By Nitya Pandey
In the world of short-lived relationships, I used to believe that taking chances with strangers was a folly.
While trying to learn Korean, something that I did during the pandemic while locked up in my hometown, I chanced upon a post on a language learning community. A woman, not much older than me, from Incheon in South Korea, was looking for a language partner, who could help her with English. In return, she was happy to help out the partner with Korean. She was fairly comfortable with English, just that she needed somebody to have conversations with to build fluency.
In one of my rare bouts of extraversion, I told her that I would love to be her partner, the only caveat being that I was just starting out with Korean and would therefore need a lot of help. She agreed.
My efforts with learning a third language (English and Hindi being the first two) had turned out to be major disasters in the past, with multiple failed attempts at mastering French and Italian. I thought that my journey with Korean too, would not be very different. Writing it off as a fleeting distraction, I was sure that I would turn to other things once the world opened up. But…
With the days of handwritten letters and pen pals being a thing of the past, I never thought that this exchange would be anything more than a dusty memory, locked away in my mind’s attic after a few months.
Avid planners that both of us were, we started by laying down a pretty elaborate map to conquer the languages ‘foreign’ to us, painstakingly chalking out the routes we’d take, the pit stops we’d make and the milestones we’d cross together. We were both equally excited to embark on this journey, with all the prep work done successfully– books bought, stationary stocked and motivational quotes ready on the walls to fire us up. We took the first steps cautiously, like accidental travelers thrown together by the circumstances. We had no choice but to lean heavily on each other. With mutual support fueling our desire to keep moving, we gradually broke into short walks and came to enjoy them. We were soon walking about in abandon, with our conversations peppered with Korean and English phrases, slang and more.
A few months in, we started sharing glimpses into our lives: the spaces we lived in, the people we loved, the films we adored, the music that inspired us, the food we loved and the places we wanted to travel to. She had studied in Moscow, been all over Europe and Southeast Asia, being a textile trader and now lived in South Korea. I, on the other hand, had lived all my life in India with a few years spent in Colombo. She preferred films to books and cats to dogs, unlike me. I loved collecting old books and postcards, a pursuit she couldn’t fathom in this day and age.
I often wonder about the point when we made the transition from unfamiliarity to friendship to sisterhood. I started calling her Unnie (Korean for a woman/sister older than you) and we started speaking in Banmal (casual Korean) instead of formal Korean. She would try out my mother’s recipes that I shared while I would listen to Korean music and watch films she recommended. She agreed to give reading fiction a shot and ended up crying over characters who fell on hard times. I used to help her make posters for a pet shelter that she volunteered for while she helped me build study material for English lessons that I would take for an NGO. I shared snippets of the refreshing monsoons and chai while she sent me pictures of the remarkable cherry blossoms, the snow piling up and steaming bowls of ramen.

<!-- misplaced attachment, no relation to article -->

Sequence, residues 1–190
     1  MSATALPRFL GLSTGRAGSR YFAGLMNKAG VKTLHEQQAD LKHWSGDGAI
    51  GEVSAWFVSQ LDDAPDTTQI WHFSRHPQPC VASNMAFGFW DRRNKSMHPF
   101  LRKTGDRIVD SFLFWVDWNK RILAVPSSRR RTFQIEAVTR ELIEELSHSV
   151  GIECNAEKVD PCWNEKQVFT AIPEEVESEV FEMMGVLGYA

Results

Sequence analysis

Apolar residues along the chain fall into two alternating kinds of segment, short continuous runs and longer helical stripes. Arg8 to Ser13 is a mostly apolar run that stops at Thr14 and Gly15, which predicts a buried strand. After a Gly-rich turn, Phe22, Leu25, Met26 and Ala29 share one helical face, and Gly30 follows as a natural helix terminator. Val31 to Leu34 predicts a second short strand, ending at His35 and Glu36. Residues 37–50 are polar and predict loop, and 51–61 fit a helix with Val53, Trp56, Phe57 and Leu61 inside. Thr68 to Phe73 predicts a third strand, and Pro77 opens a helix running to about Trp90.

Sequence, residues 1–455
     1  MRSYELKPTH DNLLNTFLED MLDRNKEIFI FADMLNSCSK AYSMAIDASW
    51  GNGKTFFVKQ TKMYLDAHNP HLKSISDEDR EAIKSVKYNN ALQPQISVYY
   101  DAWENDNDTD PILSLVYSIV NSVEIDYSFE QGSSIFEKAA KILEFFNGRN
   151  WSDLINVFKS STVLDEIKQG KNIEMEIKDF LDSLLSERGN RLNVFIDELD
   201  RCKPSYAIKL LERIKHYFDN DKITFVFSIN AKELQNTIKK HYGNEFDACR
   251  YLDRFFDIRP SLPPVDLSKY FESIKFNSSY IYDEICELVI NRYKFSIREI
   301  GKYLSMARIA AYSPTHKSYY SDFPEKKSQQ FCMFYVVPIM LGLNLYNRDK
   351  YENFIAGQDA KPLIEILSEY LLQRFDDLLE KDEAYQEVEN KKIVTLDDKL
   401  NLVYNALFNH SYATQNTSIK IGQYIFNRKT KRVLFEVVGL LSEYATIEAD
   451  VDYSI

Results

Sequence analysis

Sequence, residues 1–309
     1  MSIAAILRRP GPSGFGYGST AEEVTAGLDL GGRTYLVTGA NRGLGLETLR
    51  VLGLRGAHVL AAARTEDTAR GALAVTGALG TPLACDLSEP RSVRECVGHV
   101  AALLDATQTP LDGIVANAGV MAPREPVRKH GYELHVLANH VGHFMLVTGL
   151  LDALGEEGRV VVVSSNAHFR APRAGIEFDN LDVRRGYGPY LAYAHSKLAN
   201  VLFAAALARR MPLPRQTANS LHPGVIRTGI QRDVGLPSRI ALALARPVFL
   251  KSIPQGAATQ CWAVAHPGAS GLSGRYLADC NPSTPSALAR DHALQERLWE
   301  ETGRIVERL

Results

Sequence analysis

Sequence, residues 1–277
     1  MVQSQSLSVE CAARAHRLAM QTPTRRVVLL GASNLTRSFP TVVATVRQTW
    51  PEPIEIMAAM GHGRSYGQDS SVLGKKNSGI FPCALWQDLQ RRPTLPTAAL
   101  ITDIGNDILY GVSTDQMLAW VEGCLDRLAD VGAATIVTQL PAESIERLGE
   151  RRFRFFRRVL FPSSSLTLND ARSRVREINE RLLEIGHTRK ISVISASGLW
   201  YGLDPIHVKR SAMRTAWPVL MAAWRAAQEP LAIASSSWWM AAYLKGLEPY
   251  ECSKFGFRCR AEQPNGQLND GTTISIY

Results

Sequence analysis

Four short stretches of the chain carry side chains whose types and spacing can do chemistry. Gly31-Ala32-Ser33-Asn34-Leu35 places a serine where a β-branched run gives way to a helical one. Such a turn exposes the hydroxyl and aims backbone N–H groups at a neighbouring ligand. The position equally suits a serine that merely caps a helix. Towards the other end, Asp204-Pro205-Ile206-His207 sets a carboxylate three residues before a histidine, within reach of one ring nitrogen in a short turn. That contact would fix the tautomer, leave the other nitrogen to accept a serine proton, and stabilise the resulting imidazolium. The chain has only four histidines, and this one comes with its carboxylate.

We were soon sharing our hopes and dreams across the countless miles that separated us, across cultures that had moulded us into two very different people. We had grown to find a ‘home’ in each other; long conversations in Konglish (a mix of Korean and English) about joys and sorrows of moving jobs, leaving our families behind, losing a pet and thinking about the kind of future we wanted for ourselves. Calming my frantic soul, Unnie had opened a new world of living and of simply ‘being’. Learning to be my own woman, I could have never imagined that a stranger, I hadn’t met and who lived countries apart, would become a cherished part of my life.
A year down, I still wonder about the stroke of fate that got two kindred spirits together, trying to navigate their way though the confused age of late 20s and 30s. Wrapped in the wind, feeling aflutter, I am learning to take chances, bet on people and drench myself in the ‘kaleidoscope of experiences’ that life brings.
Nitya Pandey is an Organisational Learning Advisor with a degree in History. An avid Austen fan, she loves all sorts of fiction and prefers staying in to read over weekends. She likes to journal her experiences as a way of capturing some of her cherished memories and has a fascination with all things ‘old’– forts, art, books, music and cinema.
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